Trees produce methane and therefore contribute to global warming, wrote German researchers in Nature last week. The news was all over the front pages of the world press. Arch-conservatives in the US saw it as a reason to cut down forests as fast as possible. The scientific community was astounded. Methane production is nothing new, but it is released by bacteria that do not need oxygen. So how do trees make methane? Wb asked around.
‘Oh no. It’s not about methane is it? I’ve already been called by a number of journalists this week. It’s hardly surprising; if you read the story you’d think that a plant physiologist would be able to say something sensible about the matter. But this is not the case. It seems that the methane is not produced by enzymes, but as the result of a ‘normal’ chemical process. It is not released from living cells, but probably from materials in the cell walls, one of which is pectin. Pectin is made up of long molecules containing methyl- and methoxy-groups. These could be released in some way and then form methane. The scientists don’t know how this happens, but they have demonstrated that methane is released from purified pectin. And the process does not appear to be affected by high temperatures, as you would expect if an enzyme were involved. This has more to do with polymer chemistry than plant physiology. How it happens, I really don’t know. Try a chemist who knows more about polymer chemistry.’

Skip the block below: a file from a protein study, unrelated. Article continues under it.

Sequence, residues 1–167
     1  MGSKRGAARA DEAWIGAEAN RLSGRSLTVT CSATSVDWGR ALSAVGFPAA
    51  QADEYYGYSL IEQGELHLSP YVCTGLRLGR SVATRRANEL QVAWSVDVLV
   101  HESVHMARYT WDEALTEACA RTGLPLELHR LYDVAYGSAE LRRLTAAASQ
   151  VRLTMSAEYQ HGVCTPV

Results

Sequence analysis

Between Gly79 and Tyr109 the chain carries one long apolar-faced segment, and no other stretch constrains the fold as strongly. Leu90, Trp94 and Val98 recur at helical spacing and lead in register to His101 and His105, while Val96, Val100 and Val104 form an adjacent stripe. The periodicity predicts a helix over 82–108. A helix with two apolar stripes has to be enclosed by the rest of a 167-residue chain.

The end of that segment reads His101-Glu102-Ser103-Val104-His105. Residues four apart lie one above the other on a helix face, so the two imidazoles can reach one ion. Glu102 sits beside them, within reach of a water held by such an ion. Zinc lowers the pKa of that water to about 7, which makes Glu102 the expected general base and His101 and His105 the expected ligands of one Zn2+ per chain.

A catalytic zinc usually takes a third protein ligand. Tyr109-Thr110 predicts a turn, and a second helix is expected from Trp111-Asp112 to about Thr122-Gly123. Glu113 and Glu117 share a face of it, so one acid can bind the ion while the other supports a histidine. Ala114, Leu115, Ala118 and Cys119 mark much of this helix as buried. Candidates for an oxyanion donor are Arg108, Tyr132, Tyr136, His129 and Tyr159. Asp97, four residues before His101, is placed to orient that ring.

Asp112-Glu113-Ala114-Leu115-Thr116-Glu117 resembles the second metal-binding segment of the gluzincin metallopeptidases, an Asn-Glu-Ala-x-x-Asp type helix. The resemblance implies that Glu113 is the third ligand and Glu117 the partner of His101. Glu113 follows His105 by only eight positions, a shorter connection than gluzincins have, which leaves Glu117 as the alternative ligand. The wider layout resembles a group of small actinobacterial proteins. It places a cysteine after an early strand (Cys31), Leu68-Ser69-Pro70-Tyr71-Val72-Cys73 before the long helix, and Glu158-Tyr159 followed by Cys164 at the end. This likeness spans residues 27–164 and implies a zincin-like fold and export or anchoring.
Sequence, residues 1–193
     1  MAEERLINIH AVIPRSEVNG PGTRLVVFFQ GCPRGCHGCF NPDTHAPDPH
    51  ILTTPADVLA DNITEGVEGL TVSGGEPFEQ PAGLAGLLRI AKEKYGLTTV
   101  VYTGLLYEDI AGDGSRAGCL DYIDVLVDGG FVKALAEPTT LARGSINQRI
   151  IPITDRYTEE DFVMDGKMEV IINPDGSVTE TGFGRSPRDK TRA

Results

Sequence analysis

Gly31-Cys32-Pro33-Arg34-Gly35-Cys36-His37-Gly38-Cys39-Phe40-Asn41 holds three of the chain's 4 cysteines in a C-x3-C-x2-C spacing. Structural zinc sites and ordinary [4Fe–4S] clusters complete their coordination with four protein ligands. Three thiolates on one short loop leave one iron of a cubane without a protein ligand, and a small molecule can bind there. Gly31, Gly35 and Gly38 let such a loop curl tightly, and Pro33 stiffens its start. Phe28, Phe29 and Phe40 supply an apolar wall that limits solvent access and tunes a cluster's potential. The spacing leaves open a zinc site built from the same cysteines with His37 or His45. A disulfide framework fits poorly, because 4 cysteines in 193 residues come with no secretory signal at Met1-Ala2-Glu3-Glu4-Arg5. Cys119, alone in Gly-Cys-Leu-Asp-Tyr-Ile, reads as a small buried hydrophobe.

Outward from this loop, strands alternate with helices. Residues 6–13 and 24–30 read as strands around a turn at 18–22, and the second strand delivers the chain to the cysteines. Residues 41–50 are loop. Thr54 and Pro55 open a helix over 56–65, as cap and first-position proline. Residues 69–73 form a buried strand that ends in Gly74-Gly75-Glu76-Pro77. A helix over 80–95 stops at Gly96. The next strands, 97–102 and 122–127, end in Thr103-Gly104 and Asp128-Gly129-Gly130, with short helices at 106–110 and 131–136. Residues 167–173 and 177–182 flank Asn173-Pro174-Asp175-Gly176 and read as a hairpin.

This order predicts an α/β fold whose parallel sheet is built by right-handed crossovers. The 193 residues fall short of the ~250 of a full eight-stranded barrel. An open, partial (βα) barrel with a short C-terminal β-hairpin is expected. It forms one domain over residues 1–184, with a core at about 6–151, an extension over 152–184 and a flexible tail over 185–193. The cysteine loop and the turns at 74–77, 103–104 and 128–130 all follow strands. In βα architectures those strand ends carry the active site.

Dr Maurice Franssen, organic chemist:
‘Methane from pectin? Sounds like nonsense to me. Highly unlikely in any case. But to be sure, call Jean Paul Vincken, the pectin expert in Wageningen.’
Dr Jean Paul Vincken, pectin expert:
‘I read about it in the papers. I’d be very surprised. Trees don’t really contain much pectin. And I don’t understand how you’re supposed to get methane out of it. Perhaps you should call my colleague Henk Schols. He does more with pectin than I do.’
Dr Henk Schols, the true pectin expert:
‘That’s right, if it’s about pectin you need me. That methane is released by pectin? As chemist I can’t imagine it at all. We do know that methanol is released as pectin breaks down. That happens when fruit ripens, but that doesn’t mean you get methane. No, I really don’t know how that could happen.’